Dinosaur prints found on NZealand's South Island

Nov 07, 2009
Scientist Greg Browne sits next to one of six 70 million-year-old footprints found in various locations in the Nelson region. They are the first dinosaur footprints found in New Zealand although bones, mostly vertebrae, have been found in two North Island locations. Browne, a sedimentologist, believes the footprints belonged to sauropods -- plant-eating dinosaurs.

Scientists have discovered the first evidence that dinosaurs roamed the South Island of New Zealand with 70-million-year-old footprints found in six locations.

They are the first dinosaur footprints found in the country although bones, mostly vertebrae, have been discovered in two North Island locations.

The footprints were found by scientist Greg Browne in the remote Whanganui Inlet in the northwest of Nelson at the top of the South Island.

They are spread over 10 kilometres and in one area there are up to 20 footprints, Browne said.

Browne, a sedimentologist, believes the footprints belonged to sauropods -- plant-eating which were among the largest animals to have lived, growing up to six metres (yards) in length and weighing several tonnes.

He said he carefully considered all possible geological and biological explanations for the features in the rock and was able to rule them out one by one.

His investigation included comparisons with dinosaur footprints in similar-aged rocks in other parts of the world.

The footprints were made in beach sands and were probably quickly covered and preserved by mud from subsequent tides.

"What makes this discovery special is the unique preservation of the footprints in an environment where they could easily have been destroyed by waves, tides, or wind," Browne said.

As with much of New Zealand, northwest Nelson was largely submerged between 70 and 20 million years ago and the footprints would have been covered by hundreds of metres of marine sediments.

However, after the country was uplifted and northwest Nelson emerged from the sea, the overlying sedimentary has been eroded away over the past 20 million years to expose the again, Browne said.

(c) 2009 AFP

Explore further: Study sheds new light on the diet of extinct animals

add to favorites email to friend print save as pdf

Related Stories

Dino footprints enter record books

Oct 06, 2009

French researchers on Tuesday said they had uncovered the biggest dinosaur footprints in the world, left by giant sauropods that may have weighed 40 tonnes or more.

Earliest evidence for reptiles

Oct 17, 2007

Newly discovered fossilised footprints provide the earliest evidence yet for the evolution of reptiles – a major event in the history of life. They are 315 million years old, making reptiles up to 3 million ...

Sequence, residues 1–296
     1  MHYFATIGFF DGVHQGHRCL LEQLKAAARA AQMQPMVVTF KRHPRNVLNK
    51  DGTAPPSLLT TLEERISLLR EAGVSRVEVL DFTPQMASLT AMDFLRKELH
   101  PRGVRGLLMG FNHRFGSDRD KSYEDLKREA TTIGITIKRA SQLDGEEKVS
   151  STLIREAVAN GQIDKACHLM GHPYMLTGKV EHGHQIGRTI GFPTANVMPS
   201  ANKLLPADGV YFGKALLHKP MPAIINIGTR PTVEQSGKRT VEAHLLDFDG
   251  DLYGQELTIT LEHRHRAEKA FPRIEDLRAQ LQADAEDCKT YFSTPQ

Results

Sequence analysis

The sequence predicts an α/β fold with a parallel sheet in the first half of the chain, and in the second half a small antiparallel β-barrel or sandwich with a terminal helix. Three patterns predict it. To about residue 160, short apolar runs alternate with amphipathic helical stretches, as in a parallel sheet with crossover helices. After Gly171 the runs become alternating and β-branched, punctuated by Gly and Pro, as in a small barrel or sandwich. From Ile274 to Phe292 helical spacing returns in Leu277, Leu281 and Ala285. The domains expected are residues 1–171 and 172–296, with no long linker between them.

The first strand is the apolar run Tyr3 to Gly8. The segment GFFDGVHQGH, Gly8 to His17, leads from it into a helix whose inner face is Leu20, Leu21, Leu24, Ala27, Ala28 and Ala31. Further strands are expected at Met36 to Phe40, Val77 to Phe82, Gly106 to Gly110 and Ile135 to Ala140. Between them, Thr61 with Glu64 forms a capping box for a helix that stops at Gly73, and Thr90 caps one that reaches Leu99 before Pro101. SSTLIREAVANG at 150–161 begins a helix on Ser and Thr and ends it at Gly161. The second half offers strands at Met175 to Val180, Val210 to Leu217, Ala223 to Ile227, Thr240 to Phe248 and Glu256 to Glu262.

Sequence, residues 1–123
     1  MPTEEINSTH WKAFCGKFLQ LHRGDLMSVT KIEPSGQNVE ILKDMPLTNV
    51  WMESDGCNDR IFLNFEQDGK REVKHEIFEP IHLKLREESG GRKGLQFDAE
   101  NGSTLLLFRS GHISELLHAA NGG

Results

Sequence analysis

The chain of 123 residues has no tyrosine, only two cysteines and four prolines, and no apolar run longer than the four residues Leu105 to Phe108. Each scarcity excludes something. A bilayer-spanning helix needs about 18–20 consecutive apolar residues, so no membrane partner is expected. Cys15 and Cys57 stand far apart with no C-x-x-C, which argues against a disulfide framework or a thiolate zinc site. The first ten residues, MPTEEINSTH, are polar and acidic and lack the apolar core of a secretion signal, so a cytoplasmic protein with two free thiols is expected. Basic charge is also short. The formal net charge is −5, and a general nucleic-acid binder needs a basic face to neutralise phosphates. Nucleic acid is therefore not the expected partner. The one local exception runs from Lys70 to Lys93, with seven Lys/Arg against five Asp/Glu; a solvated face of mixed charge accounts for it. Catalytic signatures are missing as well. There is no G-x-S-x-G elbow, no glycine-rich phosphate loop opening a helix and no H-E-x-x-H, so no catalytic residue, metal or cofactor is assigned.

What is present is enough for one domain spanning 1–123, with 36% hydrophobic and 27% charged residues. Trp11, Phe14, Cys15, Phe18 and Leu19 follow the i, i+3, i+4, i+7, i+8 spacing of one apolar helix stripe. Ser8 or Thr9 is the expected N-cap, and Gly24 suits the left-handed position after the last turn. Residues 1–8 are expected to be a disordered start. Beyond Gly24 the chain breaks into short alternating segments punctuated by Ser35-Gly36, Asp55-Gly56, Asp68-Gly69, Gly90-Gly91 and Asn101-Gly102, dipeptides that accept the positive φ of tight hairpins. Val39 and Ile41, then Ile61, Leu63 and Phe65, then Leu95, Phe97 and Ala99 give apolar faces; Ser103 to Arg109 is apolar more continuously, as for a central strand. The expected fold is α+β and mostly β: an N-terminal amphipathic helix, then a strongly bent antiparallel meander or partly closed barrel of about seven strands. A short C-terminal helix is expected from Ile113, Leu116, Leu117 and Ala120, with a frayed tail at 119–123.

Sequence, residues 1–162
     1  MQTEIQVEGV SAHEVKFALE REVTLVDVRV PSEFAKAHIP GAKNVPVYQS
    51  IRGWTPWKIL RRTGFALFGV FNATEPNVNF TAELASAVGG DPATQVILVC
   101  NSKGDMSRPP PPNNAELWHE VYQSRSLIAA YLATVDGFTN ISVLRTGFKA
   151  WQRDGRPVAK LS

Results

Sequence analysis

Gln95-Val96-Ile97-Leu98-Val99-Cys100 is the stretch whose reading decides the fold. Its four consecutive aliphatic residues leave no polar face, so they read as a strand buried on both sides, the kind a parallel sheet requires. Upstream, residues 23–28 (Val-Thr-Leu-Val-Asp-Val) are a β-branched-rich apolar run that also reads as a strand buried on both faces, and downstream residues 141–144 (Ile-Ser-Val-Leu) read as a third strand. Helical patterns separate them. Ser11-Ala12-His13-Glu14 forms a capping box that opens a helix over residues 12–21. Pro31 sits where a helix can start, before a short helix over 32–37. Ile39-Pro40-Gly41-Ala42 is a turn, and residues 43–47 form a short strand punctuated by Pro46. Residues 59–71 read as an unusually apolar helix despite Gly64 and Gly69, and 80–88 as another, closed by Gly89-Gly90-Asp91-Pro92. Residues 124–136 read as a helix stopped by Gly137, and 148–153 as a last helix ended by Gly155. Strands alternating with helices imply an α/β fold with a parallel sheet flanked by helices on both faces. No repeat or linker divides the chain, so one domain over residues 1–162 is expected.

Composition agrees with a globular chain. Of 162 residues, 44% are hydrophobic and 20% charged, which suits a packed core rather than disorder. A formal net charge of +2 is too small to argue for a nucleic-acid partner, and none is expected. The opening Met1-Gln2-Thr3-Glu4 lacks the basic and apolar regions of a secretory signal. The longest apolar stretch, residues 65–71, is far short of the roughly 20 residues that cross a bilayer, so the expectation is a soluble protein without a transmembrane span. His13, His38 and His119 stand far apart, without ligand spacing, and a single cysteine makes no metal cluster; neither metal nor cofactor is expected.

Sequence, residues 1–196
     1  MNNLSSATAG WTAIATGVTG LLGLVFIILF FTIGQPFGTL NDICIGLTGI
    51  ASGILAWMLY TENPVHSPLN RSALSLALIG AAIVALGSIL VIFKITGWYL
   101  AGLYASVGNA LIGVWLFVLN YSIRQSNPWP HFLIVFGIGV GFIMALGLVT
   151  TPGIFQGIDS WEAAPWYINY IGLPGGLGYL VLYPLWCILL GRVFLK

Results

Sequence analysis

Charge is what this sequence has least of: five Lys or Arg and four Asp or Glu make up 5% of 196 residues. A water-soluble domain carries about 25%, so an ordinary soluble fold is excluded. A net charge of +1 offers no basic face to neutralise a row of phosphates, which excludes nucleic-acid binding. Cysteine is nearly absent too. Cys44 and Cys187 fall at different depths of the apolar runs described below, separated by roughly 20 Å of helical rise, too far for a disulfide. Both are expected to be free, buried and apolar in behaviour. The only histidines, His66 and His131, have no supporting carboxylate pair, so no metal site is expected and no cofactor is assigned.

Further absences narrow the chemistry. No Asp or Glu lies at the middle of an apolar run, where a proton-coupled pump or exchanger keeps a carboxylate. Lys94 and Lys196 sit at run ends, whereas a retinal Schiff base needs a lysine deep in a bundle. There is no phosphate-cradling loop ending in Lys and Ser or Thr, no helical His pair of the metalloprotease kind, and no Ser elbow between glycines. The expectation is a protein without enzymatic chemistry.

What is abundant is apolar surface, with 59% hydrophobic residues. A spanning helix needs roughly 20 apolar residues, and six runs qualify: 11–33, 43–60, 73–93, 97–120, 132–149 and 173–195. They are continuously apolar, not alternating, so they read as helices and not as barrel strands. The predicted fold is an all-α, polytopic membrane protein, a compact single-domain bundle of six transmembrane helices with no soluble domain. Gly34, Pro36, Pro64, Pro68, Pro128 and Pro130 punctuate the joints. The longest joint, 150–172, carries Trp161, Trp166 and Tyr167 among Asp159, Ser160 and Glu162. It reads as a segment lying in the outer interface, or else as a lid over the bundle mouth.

Dinosaur tracks attract a crowd

Jan 15, 2008

More than 100 people gathered in Kane County, Utah, to see fossilized footprints pressed into the sandstone by dinosaurs 185 million years ago.

British boy spots dinosaur tracks

Feb 24, 2008

An 8-year-old boy found a pair of 160-million-year-old dinosaur tracks on the beach near his home in England, it was reported.

Will a footprint rewrite the history books?

Jul 05, 2005

Scientists have unearthed human footprints in central Mexico which they claim are around 40,000 years old, shattering previous theories on how humans first colonised the Americas.

Researcher Identifies Tracks Of Swimming Dinosaur In Wyoming

Oct 17, 2005

The tracks of a previously unknown, two-legged swimming dinosaur have been identified along the shoreline of an ancient inland sea that covered Wyoming 165 million years ago, according to a University of Colorado at Boulder ...

Recommended for you

Study sheds new light on the diet of extinct animals

8 hours ago

A study of tooth enamel in mammals living today in the equatorial forest of Gabon could ultimately shed light on the diet of long extinct animals, according to new research from the University of Bristol.

Ancient clay seals may shed light on biblical era

Dec 20, 2014

Impressions from ancient clay seals found at a small site in Israel east of Gaza are signs of government in an area thought to be entirely rural during the 10th century B.C., says Mississippi State University archaeologist ...

Digging up the 'Spanish Vikings'

Dec 19, 2014

The fearsome reputation of the Vikings has made them the subject of countless exhibitions, books and films - however, surprisingly little is known about their more southerly exploits in Spain.

User comments : 0

Please sign in to add a comment. Registration is free, and takes less than a minute. Read more

Click here to reset your password.
Sign in to get notified via email when new comments are made.